Three weeks have passed since the delegates returned home from St. Louis. In the meantime, Michigan United Methodists join others across the connection in responding to actions of GC 2019.
Senior Content Editor
In June of 2017, a special teacher was invited to the joint annual conference session of The Michigan Area. To members assembled for the first time at Grand Traverse Resort, the Rev. Susan Beaumont presented sessions on the topic, “Leading in a Liminal Season.” She defined “liminality” as, “a transitory space, betwixt and between.” Beaumont noted that both the denomination and Michigan’s conferences were living between something that was ending and something that has not yet begun.
By March of 2019, the Detroit and West Michigan conferences are in their third official month of life together as a fully united organization. But the season of liminality of which Beaumont spoke continues for The United Methodist Church. The uncertainty that existed between the adjournment of the 2016 General Conference in Portland and the convening of the specially called 2019 General Conference in St. Louis did not resolve; it has only deepened.
The Traditional Plan was adopted by delegates as was a petition regarding a disaffiliation process for churches. The Judicial Council will meet in April to determine how much of what was approved is constitutional. Further, questions around improper voting will soon be investigated by a special task force set up by the Commission on the General Conference. Add to that the need to elect delegates and draft legislation for the upcoming 2020 General Conference in Minneapolis (April 5 deadline for those petitions) at this year’s Annual Conference. “Liminal” indeed.
During the three weeks since delegates returned home from General Conference, much has happened. Churches held prayer vigils and town halls within hours of the closing of the conference. Pastors engaged their congregations in conversations during worship on that first post-GC Sunday, March 2.
Bishop David Bard called Michigan’s Elders, Deacons, and Local Pastors to worship and dialogue at Midland First United Methodist Church on March 9. The bishop said afterwards, “I was under no illusions that sharing in these means of grace would easily heal all hurt or bridge all differences.” Then he added, “Rather, my hope is that all who attended experienced moments of God’s grace.”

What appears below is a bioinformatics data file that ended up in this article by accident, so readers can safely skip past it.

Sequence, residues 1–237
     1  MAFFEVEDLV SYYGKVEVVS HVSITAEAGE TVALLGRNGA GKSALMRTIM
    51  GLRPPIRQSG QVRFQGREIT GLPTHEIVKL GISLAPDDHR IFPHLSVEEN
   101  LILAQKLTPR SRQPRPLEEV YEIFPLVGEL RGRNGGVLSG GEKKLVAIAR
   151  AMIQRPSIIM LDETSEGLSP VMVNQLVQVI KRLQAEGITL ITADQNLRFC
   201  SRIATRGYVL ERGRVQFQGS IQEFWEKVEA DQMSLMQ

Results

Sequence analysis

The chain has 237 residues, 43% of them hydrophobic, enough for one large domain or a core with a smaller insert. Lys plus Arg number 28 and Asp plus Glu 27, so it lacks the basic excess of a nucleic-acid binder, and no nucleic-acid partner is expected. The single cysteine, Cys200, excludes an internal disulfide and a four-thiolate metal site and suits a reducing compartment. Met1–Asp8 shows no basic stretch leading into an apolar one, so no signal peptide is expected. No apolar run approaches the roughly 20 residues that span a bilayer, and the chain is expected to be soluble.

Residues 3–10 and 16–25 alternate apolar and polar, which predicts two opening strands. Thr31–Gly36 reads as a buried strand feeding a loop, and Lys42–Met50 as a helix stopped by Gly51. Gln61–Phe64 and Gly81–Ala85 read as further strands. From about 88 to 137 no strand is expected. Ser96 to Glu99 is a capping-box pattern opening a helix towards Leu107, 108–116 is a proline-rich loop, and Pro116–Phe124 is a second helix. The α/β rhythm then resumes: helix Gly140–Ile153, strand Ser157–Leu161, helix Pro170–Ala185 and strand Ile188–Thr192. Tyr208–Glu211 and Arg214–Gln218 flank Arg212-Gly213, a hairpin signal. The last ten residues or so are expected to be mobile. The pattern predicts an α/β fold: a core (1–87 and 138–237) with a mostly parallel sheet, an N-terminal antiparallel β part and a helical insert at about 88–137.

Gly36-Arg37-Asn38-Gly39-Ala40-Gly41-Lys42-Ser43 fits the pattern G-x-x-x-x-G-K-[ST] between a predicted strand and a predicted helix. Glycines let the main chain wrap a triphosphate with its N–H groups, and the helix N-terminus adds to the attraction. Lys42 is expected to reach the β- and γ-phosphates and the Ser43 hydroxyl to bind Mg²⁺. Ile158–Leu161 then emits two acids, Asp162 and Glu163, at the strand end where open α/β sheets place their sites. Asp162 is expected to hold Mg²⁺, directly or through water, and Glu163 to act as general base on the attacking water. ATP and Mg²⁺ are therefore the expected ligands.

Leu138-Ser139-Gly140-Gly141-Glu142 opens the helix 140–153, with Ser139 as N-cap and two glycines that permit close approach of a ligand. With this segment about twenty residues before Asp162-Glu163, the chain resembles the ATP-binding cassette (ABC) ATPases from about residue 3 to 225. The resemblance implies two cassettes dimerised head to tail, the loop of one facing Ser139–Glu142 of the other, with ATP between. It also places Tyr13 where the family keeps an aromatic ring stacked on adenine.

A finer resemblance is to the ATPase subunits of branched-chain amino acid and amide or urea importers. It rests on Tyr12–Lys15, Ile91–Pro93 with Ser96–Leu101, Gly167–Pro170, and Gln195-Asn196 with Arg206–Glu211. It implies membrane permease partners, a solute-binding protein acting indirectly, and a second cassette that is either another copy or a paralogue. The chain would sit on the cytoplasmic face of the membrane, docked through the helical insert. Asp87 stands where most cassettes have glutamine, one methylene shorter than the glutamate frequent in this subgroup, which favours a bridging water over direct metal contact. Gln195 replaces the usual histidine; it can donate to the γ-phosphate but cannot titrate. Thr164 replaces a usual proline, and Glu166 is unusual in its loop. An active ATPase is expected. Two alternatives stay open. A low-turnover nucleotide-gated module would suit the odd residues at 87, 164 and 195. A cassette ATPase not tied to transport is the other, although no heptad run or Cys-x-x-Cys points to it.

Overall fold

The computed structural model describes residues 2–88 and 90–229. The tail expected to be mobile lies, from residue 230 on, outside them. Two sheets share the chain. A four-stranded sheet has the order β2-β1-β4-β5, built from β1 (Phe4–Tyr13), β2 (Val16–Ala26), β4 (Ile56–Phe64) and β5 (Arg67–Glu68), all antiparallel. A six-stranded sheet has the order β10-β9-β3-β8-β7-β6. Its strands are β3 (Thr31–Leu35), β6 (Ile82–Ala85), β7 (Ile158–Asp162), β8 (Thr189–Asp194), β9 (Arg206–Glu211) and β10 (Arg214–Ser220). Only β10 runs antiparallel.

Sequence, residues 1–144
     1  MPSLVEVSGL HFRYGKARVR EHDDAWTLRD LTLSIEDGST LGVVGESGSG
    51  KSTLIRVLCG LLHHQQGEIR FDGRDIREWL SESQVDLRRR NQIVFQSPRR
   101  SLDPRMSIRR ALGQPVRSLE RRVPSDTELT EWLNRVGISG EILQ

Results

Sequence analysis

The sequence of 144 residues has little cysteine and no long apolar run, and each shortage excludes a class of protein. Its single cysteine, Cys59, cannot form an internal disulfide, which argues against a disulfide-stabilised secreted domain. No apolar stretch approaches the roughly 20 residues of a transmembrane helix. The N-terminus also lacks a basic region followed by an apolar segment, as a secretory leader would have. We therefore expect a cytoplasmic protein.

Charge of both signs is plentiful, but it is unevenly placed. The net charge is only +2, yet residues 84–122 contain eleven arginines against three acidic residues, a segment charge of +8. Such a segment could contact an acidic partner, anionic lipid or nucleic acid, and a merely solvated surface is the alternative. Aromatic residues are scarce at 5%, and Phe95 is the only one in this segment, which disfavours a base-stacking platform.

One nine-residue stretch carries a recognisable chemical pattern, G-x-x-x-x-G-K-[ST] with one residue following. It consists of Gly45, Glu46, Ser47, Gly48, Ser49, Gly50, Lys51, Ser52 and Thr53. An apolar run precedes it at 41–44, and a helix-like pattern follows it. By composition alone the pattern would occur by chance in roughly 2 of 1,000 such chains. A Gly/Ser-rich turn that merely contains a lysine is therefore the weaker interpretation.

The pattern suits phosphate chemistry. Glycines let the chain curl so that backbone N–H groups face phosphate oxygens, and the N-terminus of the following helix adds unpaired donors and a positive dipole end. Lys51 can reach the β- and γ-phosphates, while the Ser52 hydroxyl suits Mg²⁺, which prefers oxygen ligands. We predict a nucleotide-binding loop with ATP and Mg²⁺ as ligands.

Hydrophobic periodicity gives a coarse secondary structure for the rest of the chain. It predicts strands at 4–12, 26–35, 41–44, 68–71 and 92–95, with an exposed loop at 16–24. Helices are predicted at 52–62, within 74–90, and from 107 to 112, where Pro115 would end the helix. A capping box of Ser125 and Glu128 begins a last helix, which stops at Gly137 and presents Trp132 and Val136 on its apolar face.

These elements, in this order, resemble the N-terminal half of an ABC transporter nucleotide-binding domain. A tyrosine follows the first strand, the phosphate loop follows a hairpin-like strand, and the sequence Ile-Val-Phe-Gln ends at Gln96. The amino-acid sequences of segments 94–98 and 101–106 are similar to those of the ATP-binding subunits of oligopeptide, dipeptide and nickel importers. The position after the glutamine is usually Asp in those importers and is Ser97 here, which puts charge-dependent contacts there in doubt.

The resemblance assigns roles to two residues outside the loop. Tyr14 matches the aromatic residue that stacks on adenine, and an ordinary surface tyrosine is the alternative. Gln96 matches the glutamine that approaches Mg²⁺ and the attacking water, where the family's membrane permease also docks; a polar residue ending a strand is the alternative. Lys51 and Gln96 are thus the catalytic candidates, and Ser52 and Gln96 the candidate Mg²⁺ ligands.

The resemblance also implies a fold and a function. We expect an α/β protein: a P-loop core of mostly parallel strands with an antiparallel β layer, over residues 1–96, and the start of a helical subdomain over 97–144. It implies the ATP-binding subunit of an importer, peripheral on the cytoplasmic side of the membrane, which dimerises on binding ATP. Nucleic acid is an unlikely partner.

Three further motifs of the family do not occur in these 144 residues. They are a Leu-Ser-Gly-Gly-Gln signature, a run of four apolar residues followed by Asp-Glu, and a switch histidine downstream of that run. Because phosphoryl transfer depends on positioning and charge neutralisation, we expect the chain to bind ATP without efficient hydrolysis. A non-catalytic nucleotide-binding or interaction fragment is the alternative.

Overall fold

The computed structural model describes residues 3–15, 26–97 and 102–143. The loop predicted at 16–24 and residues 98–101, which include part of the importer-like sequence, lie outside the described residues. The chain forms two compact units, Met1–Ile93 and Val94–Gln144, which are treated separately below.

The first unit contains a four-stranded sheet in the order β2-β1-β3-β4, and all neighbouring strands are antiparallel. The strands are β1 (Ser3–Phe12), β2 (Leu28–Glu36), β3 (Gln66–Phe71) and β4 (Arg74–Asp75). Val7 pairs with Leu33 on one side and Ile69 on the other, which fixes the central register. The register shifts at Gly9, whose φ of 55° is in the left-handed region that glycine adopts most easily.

On March 16 Bishop Bard attended a gathering, “Where do we go from here?” sponsored by Michigan Conference MFSA (Methodist Federation for Social Action). One hundred sixty persons met at Lansing Central UMC around next steps following GC2019.
Bishop Bard will also be present at Swartz Creek UMC on March 23 as the Michigan Wesleyan Covenant Association meets for reflection, prayer and discussion of General Conference 2019.
Seven major newspapers across the state published The Michigan Statement on Sunday, March 17. This “letter to our LGBTQIA+ siblings and their allies from Michigan United Methodists” was signed by over 2,000 individual clergy and laity. The statement concludes with the words, “We believe that God is not yet finished working within The United Methodist Church. We commit ourselves to creating the inclusive church God intends us to be.”
The Board of Ordained Ministry is the one official body of The Michigan Conference to take formal action since the General Conference adjourned on February 26. In a statement released on March 13, 2019, the BOM said: “In honor of the ministry we share and in lament regarding the decisions of the 2019 Special Session of General Conference of The United Methodist Church, we, the Michigan Conference Board of Ordained Ministry, are compelled to reaffirm how we fulfill our discernment responsibilities since our inception as a Conference board.”
The statement outlines the BOM’s approach to their work with candidates for licensed and ordained ministry and concludes: “As the Michigan Conference Board of Ordained Ministry, our compass has been, and will continue to be, the indicators given by the Holy Spirit of authentic call, of evidenced readiness, and well-demonstrated effectiveness in the work of ministry. We offer this public statement in the certain hope that our siblings in professional ministry will celebrate with us the task we share.” Click here for the full statement of the Board of Ordained Ministry.
The words of Susan Beaumont, spoken in June of 2017, continue to offer meaning for our shared life today. She acknowledged the discomfort and pain of liminal living: “Liminality is a space we hate to occupy but it’s where the biblical God is continually taking us … in order for God to work with us to do remarkable things.” Perhaps her counsel for Michigan United Methodists 22 months ago applies now, as well. “Lead with presence” leaving behind judgment, cynicism, and fear in order to experience, “a fresh breath of creativity that emerges with letting go.”
Bishop Bard will soon announce four opportunities around the state, between now and Annual Conference, for continued conversation. Watch MIconnect for details.